By Daniel Dunaief
Danielle Santilli grappled with numerous discomforts, from headaches to nausea to dizziness, especially when she traveled in a car or stood up quickly. After a series of tests, however, she learned she had a wide-necked bifurcation aneurysm, which is one of the more common types of aneurysms.
A diagnosis that has potentially severe consequences, an aneurysm is an area in a blood vessel that grows like a balloon. If it ruptures, it can cause dangerous bleeding.
Santilli became a patient of Stony Brook Medicine’s interventional radiologist and professor of neurological surgery and radiology David Fiorella. Santilli was thrilled with the timing, as Fiorella was a co-principal investigator on a recently completed U.S. Food and Drug Administration study for a minimally invasive surgical technique that involves implanting a Woven EndoBridge or WEB.
“I feel very fortunate,” Santilli said of the opportunity to be one of the first to receive the treatment.
The FDA approved the use of the WEB in January. European doctors have used it effectively since 2011.
The WEB is a spherical structure that’s braided out of fine-shaped memory filaments of metal called nitinol, which is a combination of nickel and titanium. The WEB behaves more like a rubber band than a paper clip and wants to return to its original shape. Doctors insert it into a microcatheter in the femoral artery near the groin. Once they release it in an aneurysm and stretch it out, the WEB expands into a spherical shape inside the blood vessel.
The body grows new tissue over the aneurysm neck along the metal mesh, which is akin to sealing off a well.
The alternative for people with this type of aneurysm can often involve more invasive, open-brained surgery, Fiorella said.
The procedure takes about 40 minutes and often requires a one-night hospital stay. Patients with a WEB procedure also require aspirin for a short period, compared with six months of a blood thinner and then aspirin for much longer periods for other surgical alternatives.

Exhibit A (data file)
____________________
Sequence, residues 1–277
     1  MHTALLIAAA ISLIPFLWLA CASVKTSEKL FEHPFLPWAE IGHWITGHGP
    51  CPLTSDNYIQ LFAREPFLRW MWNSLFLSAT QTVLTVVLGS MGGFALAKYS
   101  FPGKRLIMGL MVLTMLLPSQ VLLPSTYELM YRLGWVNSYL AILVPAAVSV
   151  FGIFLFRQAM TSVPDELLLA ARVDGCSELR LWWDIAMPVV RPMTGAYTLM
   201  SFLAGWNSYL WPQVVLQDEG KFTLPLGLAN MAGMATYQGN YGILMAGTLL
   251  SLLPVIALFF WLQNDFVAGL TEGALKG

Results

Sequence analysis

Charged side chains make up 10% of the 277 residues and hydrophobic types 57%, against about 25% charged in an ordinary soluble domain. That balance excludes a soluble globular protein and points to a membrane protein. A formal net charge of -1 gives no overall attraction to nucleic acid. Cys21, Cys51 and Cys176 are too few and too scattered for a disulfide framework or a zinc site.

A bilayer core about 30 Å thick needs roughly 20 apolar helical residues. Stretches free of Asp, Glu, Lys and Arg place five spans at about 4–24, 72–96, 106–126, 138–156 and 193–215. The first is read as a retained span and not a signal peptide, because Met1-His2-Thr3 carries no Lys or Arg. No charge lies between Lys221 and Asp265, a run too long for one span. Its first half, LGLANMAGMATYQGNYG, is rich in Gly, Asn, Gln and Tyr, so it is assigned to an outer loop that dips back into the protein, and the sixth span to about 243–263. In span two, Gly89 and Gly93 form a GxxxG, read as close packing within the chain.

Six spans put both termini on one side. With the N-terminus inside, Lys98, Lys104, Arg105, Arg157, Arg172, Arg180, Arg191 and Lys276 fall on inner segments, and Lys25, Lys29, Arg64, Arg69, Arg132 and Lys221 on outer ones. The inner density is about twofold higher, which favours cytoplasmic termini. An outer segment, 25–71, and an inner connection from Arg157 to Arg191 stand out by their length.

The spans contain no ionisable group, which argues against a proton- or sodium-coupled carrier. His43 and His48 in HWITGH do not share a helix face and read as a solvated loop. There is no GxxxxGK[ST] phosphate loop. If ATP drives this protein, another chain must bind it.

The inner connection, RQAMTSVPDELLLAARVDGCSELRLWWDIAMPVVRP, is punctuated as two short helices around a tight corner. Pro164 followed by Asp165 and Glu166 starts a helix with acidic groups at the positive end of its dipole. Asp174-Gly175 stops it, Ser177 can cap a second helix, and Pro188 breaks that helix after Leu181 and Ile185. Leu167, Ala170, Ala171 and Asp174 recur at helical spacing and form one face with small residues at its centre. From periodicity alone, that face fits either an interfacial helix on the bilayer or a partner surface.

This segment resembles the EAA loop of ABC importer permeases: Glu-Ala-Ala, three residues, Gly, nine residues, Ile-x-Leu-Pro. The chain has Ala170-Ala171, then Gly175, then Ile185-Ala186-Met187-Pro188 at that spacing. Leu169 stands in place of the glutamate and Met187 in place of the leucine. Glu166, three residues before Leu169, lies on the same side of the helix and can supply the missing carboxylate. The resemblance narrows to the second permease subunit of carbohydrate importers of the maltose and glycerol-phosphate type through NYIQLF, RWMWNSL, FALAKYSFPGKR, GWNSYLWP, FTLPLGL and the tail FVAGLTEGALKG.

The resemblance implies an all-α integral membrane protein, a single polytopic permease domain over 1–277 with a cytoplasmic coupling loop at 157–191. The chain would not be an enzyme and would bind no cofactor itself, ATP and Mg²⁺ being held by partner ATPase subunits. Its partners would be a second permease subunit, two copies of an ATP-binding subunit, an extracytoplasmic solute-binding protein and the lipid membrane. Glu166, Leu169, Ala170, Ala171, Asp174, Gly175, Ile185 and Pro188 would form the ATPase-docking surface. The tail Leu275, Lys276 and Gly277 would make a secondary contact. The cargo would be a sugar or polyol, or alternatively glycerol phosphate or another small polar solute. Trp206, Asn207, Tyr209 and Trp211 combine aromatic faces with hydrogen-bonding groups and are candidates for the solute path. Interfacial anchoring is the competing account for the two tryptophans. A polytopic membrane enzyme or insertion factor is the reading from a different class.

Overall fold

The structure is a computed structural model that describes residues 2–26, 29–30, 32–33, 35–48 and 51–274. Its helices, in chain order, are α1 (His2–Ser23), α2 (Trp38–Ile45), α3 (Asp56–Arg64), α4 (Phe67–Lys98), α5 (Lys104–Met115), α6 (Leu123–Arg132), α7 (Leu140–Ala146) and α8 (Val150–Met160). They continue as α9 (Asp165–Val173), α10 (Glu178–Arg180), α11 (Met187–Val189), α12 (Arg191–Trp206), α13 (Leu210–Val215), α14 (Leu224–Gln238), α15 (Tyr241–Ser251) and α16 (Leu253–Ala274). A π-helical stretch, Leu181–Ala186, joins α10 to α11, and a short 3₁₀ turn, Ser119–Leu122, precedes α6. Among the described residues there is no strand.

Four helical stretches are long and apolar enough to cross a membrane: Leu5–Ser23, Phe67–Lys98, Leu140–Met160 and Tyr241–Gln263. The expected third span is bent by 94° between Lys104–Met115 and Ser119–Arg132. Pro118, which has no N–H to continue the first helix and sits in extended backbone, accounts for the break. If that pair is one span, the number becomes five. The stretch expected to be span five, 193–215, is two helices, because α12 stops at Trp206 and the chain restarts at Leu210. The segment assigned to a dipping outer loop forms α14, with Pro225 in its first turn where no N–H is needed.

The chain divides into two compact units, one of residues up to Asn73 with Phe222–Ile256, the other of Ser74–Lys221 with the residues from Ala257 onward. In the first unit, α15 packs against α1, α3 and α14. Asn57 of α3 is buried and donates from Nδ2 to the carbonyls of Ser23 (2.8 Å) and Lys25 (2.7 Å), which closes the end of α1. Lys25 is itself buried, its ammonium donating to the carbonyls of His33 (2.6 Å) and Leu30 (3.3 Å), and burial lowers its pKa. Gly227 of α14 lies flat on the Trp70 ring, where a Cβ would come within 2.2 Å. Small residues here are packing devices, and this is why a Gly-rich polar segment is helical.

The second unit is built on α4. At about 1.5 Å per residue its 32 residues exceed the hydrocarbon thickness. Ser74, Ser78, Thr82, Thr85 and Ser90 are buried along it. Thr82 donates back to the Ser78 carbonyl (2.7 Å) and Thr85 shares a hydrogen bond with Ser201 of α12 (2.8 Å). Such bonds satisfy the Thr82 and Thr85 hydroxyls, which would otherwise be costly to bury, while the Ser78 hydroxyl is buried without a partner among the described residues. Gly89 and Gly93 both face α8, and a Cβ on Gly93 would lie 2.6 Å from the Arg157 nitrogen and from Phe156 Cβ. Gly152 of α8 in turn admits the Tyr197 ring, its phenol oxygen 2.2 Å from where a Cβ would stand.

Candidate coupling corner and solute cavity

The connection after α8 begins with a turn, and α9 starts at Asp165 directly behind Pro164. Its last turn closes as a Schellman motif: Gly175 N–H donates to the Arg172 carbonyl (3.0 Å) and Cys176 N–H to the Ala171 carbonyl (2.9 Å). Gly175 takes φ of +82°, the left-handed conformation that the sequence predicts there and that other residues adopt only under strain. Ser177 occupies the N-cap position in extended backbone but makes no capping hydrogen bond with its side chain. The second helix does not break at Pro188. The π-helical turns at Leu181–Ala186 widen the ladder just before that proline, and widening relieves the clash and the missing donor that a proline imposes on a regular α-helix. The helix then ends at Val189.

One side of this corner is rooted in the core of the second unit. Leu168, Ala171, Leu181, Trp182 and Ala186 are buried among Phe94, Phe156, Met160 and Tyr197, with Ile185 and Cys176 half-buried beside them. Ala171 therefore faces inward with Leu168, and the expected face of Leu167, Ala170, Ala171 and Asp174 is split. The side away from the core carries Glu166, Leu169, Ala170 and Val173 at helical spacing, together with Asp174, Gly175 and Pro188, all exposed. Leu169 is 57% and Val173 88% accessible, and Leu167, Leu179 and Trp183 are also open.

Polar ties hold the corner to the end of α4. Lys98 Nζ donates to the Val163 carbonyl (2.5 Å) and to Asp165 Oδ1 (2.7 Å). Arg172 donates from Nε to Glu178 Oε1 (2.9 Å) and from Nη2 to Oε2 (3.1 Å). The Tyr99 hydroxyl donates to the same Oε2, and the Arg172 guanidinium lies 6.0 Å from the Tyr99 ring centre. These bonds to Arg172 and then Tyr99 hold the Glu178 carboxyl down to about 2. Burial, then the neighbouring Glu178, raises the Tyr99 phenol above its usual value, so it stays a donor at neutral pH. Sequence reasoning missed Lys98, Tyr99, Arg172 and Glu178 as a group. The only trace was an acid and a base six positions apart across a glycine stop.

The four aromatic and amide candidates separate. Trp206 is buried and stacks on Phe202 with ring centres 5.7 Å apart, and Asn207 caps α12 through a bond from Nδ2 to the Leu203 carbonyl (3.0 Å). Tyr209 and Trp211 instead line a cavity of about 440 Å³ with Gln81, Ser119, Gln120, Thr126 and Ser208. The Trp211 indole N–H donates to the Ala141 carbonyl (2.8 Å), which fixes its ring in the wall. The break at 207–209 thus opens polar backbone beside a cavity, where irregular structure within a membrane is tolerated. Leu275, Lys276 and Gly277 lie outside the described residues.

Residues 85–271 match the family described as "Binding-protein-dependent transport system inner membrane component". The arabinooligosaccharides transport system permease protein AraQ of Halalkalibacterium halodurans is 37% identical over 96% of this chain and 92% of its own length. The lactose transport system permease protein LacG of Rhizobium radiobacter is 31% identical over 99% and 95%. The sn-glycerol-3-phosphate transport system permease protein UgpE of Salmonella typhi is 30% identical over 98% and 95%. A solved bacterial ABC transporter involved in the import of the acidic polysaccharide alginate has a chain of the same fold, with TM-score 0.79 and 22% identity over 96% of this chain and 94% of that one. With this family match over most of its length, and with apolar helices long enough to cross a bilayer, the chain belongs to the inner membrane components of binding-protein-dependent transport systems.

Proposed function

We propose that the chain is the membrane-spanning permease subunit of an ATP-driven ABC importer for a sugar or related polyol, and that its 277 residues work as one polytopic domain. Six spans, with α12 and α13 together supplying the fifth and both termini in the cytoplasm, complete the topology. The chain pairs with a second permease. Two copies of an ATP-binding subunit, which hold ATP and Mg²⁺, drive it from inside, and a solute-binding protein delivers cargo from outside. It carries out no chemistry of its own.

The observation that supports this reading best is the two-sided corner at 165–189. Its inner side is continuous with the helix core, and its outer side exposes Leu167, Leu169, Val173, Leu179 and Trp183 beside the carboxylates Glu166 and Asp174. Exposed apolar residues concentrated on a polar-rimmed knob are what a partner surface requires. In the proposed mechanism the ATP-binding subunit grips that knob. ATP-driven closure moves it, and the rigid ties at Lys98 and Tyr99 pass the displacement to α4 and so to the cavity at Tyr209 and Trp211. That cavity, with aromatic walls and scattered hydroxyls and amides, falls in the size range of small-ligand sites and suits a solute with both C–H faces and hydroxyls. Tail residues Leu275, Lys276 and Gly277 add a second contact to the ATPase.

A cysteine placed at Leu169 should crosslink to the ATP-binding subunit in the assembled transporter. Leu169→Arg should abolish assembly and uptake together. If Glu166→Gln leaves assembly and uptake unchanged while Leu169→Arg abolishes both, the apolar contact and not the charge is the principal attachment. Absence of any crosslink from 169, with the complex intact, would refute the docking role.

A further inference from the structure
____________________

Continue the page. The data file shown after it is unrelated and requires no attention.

Fiorella explained that there were two types of aneurysms. An unruptured version typically doesn’t have any symptoms. Doctors usually discover these through a screening for other symptoms or because of a family history. Patients in this group sometimes receive scans for different and unrelated reasons.
Robert Walsh, a 66-year-old retiree and resident of South Jamesport, went to a doctor to check himself out after his younger sister died earlier this year from an aneurysm. Tests revealed that he, too, had an aneurysm.
A month after his sister died, Walsh had the WEB procedure.
Fiorella and his staff “are probably the best I’ve ever encountered,” Walsh said. “I’m impressed with him and his entire staff for everything they did, with follow-ups, calling in prescriptions, getting my pre-op ready. I have a lot of confidence in Dr. Fiorella.”
People with a ruptured aneurysm are dealing with bleeding into their brain. This typically causes symptoms like the worst headache people have ever had, vomiting or a loss of consciousness of rapid neurological deterioration.
The survival rate for people in these circumstances is lower and depends on whether they make it to the hospital.
The WEB is helpful for patients who have a ruptured aneurysm. Other techniques, such as stents, are not usable for patients under these conditions.
“A lot of other tools are off the table” with a ruptured aneurysm, but the WEB is “very effective,” Fiorella said.
Some potential patients with a wide-necked bifurcation may not be good candidates for a WEB because their aneurysm is too small or too large for the device.
Stony Brook has extensive experience with the WEB. Doctors who want to perform a similar procedure at other hospitals need extensive training from experienced physicians who can prepare them for the procedure.
Long Island residents should know they have a “major center right here that’s doing work that surpasses anything going on in Long Island or, in most cases, in the city” with endovascular surgery, Fiorella said.
Santilli feels the doctor “saved my life,” and is delighted that she “doesn’t have to worry about using a blood thinner.”
The procedure changed the way Santilli and her family live. They are making healthier lifestyle choices. She and her husband Frank are cutting back on smoking, and she is also buying fruit instead of sugary snacks for the house.
Santilli said she feels fortunate that Fiorella was able to perform the procedure.
“I feel like I got a second chance,” she said.